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Download Blood Test Results: CBC Explained 1).pdfBlood Test Results: CBC Explained Complete Blood Count (CBC) Definition: Measures essential components of the blood Substance What It Is Reference Ranges * What a Low Number May Mean What a High Number May Mean

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  • Blood Test Results: CBC Explained

    Complete Blood Count (CBC)Definition: Measures essential components of the blood

    Substance What It Is Reference Ranges * What a Low Number May Mean What a High Number May Mean

    USA UK/EU Australia/CanadaWhite blood cell count (WBC) Measures the total number of white blood cells, which defend the body

    against infection; there are several different types of white blood cells:

    lymphocytes, monocytes, neutrophils, eosinophils, and basophils

    4,500-10,000 cells/mcL Autoimmune diseases, immunosuppression, bone marrow

    failure, chemotherapy, viral infections

    Infection, inflammation, leukemia, intense exercise, stress,

    corticosteroids

    Lymphocytes, absolute (LY, abs) or

    percentage (LY, pct)

    Measures the number or percentage of lymphocytes, which are white

    blood cells that include B-cells, T-cells, and natural killer cells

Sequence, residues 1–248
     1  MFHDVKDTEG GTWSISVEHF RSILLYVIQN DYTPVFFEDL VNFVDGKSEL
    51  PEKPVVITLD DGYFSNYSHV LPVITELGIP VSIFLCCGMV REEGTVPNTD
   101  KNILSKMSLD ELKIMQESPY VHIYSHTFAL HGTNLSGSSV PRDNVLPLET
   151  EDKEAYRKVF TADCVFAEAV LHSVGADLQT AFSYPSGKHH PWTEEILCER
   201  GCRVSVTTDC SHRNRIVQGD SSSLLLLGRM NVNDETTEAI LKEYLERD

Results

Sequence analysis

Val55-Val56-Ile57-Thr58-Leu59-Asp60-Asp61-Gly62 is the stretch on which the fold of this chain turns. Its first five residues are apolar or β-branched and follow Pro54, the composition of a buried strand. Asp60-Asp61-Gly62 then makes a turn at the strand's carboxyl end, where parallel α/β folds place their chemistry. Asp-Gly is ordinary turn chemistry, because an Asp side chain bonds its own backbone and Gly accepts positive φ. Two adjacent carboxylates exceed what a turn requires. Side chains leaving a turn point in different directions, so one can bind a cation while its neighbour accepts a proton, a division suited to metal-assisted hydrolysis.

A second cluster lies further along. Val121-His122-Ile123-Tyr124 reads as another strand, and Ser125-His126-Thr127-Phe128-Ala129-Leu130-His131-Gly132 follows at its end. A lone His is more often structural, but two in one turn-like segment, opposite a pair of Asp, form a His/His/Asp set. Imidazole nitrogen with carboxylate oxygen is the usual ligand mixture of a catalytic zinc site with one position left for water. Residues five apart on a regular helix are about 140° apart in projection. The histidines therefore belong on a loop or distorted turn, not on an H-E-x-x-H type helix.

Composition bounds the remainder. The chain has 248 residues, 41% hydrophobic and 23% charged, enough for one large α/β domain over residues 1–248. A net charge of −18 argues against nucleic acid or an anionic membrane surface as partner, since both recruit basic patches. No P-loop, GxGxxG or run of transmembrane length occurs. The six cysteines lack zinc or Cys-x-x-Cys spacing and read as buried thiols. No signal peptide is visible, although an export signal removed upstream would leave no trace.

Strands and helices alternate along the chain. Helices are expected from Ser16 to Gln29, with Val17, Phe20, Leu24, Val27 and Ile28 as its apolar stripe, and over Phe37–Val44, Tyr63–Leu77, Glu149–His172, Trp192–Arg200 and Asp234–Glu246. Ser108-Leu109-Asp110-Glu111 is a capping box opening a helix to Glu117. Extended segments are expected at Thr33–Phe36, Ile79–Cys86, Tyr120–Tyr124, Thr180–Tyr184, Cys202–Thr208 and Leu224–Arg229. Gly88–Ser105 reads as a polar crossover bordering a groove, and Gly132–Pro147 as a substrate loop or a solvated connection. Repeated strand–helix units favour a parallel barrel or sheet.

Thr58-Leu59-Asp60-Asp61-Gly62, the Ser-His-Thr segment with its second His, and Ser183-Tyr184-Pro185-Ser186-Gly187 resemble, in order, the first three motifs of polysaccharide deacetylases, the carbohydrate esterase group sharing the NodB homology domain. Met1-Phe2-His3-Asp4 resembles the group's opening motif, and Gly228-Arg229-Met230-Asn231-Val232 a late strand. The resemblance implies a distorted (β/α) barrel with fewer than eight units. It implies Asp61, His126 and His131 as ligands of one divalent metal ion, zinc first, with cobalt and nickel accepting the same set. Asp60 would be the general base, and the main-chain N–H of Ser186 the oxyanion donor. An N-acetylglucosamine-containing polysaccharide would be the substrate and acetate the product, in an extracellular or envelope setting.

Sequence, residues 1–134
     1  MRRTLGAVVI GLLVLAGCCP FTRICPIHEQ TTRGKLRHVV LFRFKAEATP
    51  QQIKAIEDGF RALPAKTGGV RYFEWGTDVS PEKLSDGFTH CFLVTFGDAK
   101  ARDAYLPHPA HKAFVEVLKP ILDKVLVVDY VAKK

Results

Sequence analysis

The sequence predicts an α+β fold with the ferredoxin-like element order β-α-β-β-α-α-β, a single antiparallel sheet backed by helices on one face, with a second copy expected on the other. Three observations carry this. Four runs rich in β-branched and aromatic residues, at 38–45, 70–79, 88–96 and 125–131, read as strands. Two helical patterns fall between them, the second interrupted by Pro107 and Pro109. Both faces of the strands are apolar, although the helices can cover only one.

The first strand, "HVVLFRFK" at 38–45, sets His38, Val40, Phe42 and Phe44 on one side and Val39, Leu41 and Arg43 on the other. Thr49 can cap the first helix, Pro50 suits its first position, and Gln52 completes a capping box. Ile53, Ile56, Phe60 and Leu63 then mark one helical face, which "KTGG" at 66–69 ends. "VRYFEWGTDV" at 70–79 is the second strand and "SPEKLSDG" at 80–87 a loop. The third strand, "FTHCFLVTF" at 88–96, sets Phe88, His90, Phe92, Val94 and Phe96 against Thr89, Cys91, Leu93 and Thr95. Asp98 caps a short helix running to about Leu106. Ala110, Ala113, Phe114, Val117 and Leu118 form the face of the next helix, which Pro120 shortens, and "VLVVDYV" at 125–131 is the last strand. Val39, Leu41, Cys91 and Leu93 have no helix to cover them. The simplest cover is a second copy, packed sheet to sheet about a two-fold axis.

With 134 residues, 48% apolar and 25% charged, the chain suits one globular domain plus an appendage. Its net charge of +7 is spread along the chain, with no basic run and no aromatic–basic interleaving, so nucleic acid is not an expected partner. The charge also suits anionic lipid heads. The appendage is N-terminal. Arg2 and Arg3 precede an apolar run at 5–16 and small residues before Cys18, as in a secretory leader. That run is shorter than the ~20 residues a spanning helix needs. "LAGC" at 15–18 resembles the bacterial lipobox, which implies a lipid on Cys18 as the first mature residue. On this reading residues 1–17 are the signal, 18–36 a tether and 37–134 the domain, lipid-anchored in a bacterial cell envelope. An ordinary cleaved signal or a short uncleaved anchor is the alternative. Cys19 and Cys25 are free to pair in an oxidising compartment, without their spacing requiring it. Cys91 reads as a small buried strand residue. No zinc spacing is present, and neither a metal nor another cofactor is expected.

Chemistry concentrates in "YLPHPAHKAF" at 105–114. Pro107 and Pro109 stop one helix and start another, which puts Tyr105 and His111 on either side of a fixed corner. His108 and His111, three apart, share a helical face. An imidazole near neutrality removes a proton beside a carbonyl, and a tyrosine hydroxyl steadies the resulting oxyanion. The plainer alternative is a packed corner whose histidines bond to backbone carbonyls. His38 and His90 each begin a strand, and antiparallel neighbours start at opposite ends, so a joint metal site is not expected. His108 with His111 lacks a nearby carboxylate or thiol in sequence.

800-5,000 cells/mcL (abs)

    18-45 (pct)

    Immunosuppression, HIV-AIDS, bone marrow failure,

    chemotherapy

    Viral infections, leukemia, lymphoma

    Monocytes, absolute (MO, abs) or

    percentage (MO, pct)

    Measures the number or percentage of monocytes, which are white blood

    cells that move out of the circulating blood and into the tissues, where

    they mature into macrophages

    400-1,000 cells/mcL (abs)

    1-10 (pct)

    Immunosuppression, bone marrow failure, chemotherapy Chronic infections, autoimmune diseases, leukemia

    Granulocytes, absolute (GR, abs) or

    percentage (GR, pct)

    Measures the number or percentage of white blood cells with granules in

    their cytoplasm and two or more lobes in their nuclei; an inclusive term

    for neutrophils, basophils, and eosinophils, although neutrophils are by

    far the most abundant

    1,800-8,300 cells/mcL (abs)

    45-75 (pct)

    Immunosuppression, bone marrow failure, chemotherapy Infection, inflammation, leukemia, intense exercise, stress,

    corticosteroids

    Neutrophils, absolute (NE, abs) or

    percentage (NE, pct)

    Measures the number or percentage of neutrophils, which are normally

    the most abundant circulating white blood cells and respond quickly to

    infection

    1,800-8,300 cells/mcL (abs)

    45-75 (pct)

    Immunosuppression, bone marrow failure, chemotherapy Infection, inflammation, leukemia, intense exercise, stress,

    corticosteroids

    Eosinophils, absolute (EOS, abs) or

    percentage (EOS, pct)

    Measures the number or percentage of eosinophils, which combat

    parasitic infections and are involved in asthma or allergy responses

    0-800 cells/mcL (abs)

    0-7 (pct)

    Generally not a concern Parasitic infections

    Basophils, absolute (BAS, abs) or

    percentage (BAS, pct)

    Measures the number or pecentage of basophils, which are involved in

    allergy responses

    0-100 cells/mcL (abs)

    0-0.5 (pct)